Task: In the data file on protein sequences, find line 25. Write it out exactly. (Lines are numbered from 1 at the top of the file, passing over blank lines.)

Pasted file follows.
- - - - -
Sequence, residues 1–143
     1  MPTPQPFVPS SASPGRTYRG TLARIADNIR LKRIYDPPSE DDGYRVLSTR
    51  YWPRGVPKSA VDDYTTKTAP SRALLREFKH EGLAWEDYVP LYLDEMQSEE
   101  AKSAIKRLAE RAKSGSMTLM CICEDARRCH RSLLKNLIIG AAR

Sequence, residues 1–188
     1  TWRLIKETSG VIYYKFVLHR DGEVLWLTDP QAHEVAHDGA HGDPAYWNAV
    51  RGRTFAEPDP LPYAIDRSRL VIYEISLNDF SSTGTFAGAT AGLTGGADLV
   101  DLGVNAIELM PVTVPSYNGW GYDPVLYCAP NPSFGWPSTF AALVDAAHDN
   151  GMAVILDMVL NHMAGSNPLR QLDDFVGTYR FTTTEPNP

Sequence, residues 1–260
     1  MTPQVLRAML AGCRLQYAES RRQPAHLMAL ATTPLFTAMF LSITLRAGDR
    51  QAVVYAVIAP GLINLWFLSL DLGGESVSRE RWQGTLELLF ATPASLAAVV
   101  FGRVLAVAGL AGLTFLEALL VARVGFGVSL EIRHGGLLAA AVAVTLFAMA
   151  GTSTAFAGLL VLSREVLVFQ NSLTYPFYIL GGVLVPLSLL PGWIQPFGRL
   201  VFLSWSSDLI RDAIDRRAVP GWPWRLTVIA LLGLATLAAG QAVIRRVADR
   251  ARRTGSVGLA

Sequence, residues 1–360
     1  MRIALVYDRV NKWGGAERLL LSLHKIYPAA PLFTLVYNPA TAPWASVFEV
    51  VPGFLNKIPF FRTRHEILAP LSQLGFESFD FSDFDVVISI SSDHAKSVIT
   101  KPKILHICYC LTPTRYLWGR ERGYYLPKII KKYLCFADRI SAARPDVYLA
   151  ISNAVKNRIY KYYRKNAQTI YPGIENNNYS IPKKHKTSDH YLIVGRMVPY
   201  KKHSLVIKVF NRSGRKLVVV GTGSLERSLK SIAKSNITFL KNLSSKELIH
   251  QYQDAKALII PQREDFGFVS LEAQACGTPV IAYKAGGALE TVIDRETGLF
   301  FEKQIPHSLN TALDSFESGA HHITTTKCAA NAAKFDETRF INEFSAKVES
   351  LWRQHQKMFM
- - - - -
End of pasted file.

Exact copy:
   351  LWRQHQKMFM